August 18, 2010 § Leave a Comment
i have been meaning to post about this article for a while. but im late on it. this is the type of article that makes me jealous that i dont live in the usa, but grateful that i get to read the wisdom from convergences like ussf.
Healing justice is being used as a framework that seeks to lift up resiliency and wellness practices as a transformative response to generational violence and trauma in our communities.
This past year I took a deeper dive into the notion of wellness for our movements and the role of well being for organizers. I sat with my dreams and wondered, ‘How far have we been able to come despite noxious toxic waste dumps near our homes, and oil spills and sterilization abuse, population control and genocide…just a few things on our map of oppression. How have we survived?” I’ve been asking these questions to the ‘salt eaters’ and the ‘dreamers’ and the ‘shapeshifters’ among us; what is wholeness? Not an ableist notion of wholeness that implies one specific body or blood type, but a shape of wholeness that intrinsically knows what each individual and collective notion of feeling whole and safe and well can look like. Not the bought ‘wholeness’ you can find only in supreme retreat packages at sunset salons but the kind of ‘wholeness’ that calls on whole communities and whole movements to be well, sustainable and resilient. Who will answer the call to our hurts, our wounds, our double/triple/quadruple pains of oppression and desperation? How will we answer our own calls to wellness and safety?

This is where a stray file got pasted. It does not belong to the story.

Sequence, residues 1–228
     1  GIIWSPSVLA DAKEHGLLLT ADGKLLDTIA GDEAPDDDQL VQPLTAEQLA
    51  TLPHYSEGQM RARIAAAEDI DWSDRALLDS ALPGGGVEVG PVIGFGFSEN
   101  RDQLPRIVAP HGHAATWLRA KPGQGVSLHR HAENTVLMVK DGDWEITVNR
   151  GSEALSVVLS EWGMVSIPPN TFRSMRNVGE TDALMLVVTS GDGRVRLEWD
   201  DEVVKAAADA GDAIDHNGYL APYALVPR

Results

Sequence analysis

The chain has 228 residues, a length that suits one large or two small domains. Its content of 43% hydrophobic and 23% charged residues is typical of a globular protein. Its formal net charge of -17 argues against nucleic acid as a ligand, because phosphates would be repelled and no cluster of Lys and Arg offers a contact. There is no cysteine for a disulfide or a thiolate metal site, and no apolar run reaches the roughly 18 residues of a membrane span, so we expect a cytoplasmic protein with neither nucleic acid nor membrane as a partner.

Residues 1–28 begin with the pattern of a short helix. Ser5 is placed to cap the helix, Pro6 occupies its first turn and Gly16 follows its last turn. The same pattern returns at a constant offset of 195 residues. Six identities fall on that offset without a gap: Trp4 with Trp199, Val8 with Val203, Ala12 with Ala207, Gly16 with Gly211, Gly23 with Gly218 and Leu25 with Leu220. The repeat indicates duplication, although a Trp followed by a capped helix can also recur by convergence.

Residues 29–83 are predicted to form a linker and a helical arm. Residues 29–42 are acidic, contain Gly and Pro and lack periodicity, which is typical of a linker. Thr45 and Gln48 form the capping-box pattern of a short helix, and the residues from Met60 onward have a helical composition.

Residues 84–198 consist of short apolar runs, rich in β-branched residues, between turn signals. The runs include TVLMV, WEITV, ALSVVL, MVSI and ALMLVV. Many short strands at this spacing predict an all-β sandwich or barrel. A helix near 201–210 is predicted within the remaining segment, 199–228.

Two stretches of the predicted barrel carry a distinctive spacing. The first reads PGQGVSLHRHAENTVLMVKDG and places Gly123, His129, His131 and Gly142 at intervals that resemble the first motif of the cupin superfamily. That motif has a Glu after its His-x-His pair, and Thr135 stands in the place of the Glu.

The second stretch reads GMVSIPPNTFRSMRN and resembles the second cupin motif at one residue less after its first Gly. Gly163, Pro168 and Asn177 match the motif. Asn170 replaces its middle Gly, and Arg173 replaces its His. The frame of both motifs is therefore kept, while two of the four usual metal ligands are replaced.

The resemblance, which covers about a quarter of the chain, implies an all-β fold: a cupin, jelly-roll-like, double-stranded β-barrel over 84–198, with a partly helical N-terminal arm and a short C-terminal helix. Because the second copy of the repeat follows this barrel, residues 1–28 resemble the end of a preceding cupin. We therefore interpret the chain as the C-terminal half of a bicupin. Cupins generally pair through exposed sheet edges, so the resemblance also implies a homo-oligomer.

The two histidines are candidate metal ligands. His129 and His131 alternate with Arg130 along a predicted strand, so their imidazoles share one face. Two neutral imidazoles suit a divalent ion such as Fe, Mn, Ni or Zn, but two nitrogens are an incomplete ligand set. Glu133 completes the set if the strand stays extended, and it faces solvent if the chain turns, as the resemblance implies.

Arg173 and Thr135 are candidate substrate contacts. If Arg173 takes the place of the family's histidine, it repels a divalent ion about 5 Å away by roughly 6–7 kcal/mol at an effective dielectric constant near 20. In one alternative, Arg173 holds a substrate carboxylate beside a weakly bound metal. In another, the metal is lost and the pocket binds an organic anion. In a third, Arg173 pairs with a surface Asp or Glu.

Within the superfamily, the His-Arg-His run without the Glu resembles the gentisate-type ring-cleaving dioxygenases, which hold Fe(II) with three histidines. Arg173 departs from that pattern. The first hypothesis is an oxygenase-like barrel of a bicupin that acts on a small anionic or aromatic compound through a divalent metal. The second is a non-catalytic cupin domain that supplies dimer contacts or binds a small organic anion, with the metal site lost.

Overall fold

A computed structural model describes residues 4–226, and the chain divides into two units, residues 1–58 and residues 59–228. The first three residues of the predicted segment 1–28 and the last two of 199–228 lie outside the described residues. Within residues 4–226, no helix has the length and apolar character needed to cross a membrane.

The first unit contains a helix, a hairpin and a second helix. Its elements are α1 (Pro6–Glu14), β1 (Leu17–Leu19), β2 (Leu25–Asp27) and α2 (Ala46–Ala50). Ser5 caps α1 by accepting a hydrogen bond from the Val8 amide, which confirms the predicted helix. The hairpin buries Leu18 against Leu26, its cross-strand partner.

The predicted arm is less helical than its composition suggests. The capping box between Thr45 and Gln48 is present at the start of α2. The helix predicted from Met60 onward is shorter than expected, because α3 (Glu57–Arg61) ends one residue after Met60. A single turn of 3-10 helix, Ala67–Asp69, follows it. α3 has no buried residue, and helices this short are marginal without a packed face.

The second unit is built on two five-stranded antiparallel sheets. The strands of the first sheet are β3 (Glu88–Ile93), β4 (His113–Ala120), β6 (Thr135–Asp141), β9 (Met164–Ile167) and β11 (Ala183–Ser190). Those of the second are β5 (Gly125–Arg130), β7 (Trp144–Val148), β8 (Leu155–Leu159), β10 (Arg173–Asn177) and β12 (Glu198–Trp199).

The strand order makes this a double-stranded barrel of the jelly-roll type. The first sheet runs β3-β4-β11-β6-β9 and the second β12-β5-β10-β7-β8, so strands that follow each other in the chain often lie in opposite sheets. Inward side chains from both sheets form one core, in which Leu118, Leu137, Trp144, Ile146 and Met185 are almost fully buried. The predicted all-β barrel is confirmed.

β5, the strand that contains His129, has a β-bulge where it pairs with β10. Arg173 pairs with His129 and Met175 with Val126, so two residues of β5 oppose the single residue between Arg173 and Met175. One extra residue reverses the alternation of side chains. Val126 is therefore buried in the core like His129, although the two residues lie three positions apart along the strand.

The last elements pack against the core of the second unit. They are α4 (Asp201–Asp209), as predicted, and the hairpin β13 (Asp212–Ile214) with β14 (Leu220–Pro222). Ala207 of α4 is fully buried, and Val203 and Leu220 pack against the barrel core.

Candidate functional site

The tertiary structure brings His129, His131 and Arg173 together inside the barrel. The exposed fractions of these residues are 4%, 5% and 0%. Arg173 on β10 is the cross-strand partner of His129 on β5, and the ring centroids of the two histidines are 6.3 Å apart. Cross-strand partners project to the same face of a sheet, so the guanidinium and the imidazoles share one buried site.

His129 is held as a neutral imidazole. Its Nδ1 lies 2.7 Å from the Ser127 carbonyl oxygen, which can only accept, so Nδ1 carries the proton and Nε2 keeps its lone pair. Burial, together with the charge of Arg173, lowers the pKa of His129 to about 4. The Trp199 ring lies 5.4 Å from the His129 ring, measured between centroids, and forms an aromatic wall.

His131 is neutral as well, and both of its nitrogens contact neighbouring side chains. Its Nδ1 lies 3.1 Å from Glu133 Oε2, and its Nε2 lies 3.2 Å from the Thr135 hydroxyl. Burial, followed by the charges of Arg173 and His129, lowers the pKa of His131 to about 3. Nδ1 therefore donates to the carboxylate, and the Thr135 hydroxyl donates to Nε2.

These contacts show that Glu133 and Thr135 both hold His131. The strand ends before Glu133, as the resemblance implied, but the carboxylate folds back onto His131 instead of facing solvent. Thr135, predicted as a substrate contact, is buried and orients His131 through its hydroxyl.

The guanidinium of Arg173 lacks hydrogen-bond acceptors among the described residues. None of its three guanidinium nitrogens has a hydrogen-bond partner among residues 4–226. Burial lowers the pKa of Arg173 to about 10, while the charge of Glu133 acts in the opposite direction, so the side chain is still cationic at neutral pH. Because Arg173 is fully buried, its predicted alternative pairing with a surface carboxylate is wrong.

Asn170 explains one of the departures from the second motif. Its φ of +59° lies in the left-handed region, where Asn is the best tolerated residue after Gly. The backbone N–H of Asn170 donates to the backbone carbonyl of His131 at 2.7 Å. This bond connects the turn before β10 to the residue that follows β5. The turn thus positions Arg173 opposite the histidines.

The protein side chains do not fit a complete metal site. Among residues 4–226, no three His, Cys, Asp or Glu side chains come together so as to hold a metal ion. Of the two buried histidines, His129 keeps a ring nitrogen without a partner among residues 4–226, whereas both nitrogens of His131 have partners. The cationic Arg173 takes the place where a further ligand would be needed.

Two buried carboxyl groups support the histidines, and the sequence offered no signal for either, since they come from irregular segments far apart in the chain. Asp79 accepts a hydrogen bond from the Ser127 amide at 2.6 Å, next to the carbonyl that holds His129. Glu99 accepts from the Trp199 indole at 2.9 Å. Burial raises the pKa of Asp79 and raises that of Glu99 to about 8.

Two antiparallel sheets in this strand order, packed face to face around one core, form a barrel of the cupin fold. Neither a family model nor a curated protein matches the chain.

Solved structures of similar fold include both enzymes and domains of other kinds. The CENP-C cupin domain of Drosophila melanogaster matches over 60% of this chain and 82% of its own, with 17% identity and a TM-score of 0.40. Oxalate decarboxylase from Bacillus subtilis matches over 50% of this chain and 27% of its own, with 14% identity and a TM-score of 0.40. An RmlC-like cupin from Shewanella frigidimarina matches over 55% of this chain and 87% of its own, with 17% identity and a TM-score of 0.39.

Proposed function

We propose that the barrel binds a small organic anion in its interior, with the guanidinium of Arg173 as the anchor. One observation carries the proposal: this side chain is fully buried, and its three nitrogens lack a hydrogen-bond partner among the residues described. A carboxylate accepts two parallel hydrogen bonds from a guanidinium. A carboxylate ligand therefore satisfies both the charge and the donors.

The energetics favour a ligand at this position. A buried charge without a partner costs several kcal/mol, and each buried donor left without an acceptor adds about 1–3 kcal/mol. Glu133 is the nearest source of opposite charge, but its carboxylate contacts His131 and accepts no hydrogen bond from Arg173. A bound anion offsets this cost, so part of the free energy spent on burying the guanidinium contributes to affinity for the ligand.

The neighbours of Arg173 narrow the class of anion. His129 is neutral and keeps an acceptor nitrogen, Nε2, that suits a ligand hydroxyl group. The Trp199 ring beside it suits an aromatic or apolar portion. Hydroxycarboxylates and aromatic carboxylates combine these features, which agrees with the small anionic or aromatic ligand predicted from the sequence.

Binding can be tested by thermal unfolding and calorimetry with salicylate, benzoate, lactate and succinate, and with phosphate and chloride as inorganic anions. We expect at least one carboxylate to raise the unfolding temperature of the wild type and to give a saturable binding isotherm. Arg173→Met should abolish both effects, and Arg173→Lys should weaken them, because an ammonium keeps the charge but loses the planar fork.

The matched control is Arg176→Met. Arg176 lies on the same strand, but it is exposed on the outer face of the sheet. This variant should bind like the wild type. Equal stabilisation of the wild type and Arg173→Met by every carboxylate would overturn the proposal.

I’ve been sitting with southern and national healers to remember the role of healing inside of liberation. I am leading a storytelling gathering project with the KINDRED southern healing justice collective to tell the stories of southern healers in the U.S. to map our sites of transformative practice as conduits of social change. Call it a quest for what the role of healing is and how healers move us to and through liberation. What keeps us resilient in our hearts, our blood, our bones? What helps us to rebuild a home? How do we reclaim and re-imagine safety in our homes and movements?